[By Duncan McLeod] Some commentators have speculated that the failure of talks between MTN and India’s Bharti Airtel points to a more protectionist approach by government. If so, it’s troubling. The country ought to be opening up to investors, not scaring them away.
In a statement, Bharti pinned the blame for the collapse of talks with MTN squarely on the SA government. Most analysts have suggested that both governments, South African and Indian, didn’t fully come to the table.
Whatever the case, communications minister Siphiwe Nyanda has been widely quoted as saying that because MTN is a local entity “it would be sad if we saw [it] move into the hands and management of foreign nationals”.
That’s a disturbing statement. It suggests that SA is closed to foreign investment if it means foreigners acquiring a controlling stake in an SA business.
If the minister meant what he said, Vodacom and Telkom must be pleased they managed to get their deal with the UK’s Vodafone concluded before the new administration took office.
I came across more of this protectionist thinking when last week I met new communications department director-general Mamodupi Mohlala. Though pragmatic on most issues — I think she’ll probably achieve more than her predecessor in dealing with SA’s high telecommunications costs — Mohlala trots out the same line as Nyanda when it comes to foreign investment.
I asked Mohlala for her views on regulations crafted by the Independent Communications Authority of SA (Icasa) that forbid local pay-TV operators from having more than 20% of their shares held by foreigners or foreign companies. I asked this in the context of Icasa’s failure to introduce meaningful competition to Naspers-controlled DStv operator MultiChoice.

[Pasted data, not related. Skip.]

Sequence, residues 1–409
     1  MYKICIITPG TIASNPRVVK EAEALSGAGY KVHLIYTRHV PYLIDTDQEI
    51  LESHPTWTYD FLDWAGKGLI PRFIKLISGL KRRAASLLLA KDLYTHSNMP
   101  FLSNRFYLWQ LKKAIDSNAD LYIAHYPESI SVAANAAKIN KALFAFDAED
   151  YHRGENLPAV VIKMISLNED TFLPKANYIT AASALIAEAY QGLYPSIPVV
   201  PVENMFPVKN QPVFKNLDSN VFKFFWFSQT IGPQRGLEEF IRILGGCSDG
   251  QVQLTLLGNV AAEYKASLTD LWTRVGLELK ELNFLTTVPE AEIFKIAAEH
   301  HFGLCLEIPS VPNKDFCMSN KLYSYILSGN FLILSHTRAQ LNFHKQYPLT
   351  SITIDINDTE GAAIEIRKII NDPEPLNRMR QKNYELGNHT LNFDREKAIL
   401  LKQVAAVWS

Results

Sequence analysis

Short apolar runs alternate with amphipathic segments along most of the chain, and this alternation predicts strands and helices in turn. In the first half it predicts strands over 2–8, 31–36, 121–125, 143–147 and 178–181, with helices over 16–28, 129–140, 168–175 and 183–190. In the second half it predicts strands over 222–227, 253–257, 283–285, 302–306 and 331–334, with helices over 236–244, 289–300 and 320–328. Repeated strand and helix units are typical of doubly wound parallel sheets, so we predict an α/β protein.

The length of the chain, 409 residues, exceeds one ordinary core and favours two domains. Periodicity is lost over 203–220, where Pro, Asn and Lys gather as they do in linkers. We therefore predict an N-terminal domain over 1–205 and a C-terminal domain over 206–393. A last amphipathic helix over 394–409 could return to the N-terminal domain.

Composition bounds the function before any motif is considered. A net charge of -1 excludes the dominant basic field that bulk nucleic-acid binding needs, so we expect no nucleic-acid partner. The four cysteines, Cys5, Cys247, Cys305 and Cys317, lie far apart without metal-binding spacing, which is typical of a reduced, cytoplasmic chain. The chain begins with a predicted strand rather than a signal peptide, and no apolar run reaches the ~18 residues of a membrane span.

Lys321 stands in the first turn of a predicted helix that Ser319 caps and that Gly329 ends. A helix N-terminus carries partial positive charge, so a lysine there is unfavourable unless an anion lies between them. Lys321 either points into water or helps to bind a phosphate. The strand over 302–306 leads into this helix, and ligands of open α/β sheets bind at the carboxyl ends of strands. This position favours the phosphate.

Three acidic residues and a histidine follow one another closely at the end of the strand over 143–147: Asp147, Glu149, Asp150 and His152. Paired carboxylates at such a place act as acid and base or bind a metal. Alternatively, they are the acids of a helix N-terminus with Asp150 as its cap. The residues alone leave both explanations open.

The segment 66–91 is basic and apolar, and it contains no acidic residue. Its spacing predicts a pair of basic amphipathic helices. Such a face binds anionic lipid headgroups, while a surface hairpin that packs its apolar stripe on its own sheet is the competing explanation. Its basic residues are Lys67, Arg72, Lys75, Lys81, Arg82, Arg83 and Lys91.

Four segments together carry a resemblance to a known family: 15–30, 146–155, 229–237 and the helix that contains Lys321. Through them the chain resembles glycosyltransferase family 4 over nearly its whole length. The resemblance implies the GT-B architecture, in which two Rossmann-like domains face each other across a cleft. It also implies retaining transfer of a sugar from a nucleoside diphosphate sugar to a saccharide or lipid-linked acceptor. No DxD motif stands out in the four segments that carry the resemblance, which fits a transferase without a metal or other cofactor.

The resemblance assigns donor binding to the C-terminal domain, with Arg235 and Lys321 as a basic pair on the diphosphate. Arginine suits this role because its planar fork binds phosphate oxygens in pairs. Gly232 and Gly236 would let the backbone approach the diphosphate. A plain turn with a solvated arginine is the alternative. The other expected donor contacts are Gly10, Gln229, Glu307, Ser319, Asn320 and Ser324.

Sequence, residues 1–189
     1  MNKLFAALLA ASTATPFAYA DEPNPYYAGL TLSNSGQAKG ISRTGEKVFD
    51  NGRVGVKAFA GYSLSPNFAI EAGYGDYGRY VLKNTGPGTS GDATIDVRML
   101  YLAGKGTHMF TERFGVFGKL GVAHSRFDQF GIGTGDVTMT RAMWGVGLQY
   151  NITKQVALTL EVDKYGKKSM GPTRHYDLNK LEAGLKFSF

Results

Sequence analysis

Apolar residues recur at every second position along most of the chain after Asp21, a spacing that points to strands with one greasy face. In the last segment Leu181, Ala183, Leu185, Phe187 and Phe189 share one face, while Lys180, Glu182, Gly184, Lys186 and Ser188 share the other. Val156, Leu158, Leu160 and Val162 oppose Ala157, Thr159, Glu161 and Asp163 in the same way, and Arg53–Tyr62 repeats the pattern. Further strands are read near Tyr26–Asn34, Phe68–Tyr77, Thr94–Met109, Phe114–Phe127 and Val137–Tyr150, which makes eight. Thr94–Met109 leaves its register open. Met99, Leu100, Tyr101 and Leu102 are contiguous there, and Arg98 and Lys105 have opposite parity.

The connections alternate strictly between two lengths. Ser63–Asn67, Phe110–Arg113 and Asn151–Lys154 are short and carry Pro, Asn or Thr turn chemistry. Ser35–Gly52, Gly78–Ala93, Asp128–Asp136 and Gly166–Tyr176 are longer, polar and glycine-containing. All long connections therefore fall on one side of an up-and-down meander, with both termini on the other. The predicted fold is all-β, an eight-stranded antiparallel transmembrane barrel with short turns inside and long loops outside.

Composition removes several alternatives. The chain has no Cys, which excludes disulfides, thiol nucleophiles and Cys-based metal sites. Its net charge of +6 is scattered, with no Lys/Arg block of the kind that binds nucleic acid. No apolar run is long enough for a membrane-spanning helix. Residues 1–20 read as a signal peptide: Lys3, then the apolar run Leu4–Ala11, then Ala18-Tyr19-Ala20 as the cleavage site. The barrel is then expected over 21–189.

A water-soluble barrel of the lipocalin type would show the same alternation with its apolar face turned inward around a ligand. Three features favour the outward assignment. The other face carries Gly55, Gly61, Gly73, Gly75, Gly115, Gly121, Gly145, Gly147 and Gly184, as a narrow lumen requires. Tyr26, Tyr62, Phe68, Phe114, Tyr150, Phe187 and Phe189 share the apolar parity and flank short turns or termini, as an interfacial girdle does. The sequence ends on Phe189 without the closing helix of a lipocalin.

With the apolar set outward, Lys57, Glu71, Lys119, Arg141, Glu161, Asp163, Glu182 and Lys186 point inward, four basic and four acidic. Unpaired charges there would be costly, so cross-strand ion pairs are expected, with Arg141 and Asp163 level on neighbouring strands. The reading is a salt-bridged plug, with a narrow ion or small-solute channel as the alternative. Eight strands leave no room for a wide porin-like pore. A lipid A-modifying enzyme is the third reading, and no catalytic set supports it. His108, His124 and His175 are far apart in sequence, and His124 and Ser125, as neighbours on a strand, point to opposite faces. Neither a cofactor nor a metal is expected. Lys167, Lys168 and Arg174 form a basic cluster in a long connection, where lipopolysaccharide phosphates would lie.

Surely a foreign broadcaster with deep pockets is precisely what is needed to break MultiChoice’s stranglehold on the SA market?
“In an ideal world, that would be the solution, but we have to accept that SA is still a developing economy,” Mohlala said. “And being a developing economy, to open up the floodgates would pose a challenge.”
“This is not unique to SA: the US, in telecoms, has the same protections to ensure a national resource is kept in American hands.”
Oh, so we should copy the Americans?
“We’re not saying ‘no’ to foreign ownership. Most of our operators and entities have some foreign ownership,” Mohlala said. “But what are the risks of allowing foreign investors to set up majority-owned businesses here? It’s a national asset, for starters.”
How does one define a national asset? How is MTN a national asset? It’s not even SA’s largest mobile operator. And how is a small broadcaster, one that might not even survive, considered to be a national asset?
“You have to ensure there is protection of local [players and] … ensure these entities have the national interest at heart. You won’t have guarantees that the people they employ are South African. You assume that if the ownership is South African there will be an inclination to ensure that the best interests of SA are protected at all times.”
Oh, like Tiger Brands? Or Telkom? Or Eskom?
This protectionist thinking is unsettling. Just talking about it is enough to scare off the foreign investors we so desperately need.
In the end, do South Africans really care who owns the pay-TV service they watch or would they simply prefer a well-funded competitor to keep MultiChoice in check?
My guess is if Rupert Murdoch wanted to set up a BSkyB operation in SA, he’d be welcomed with open arms by consumers. Our politicians and government bureaucrats, on the other hand, are more likely to give him the cold shoulder.
- This column is also published in the Financial Mail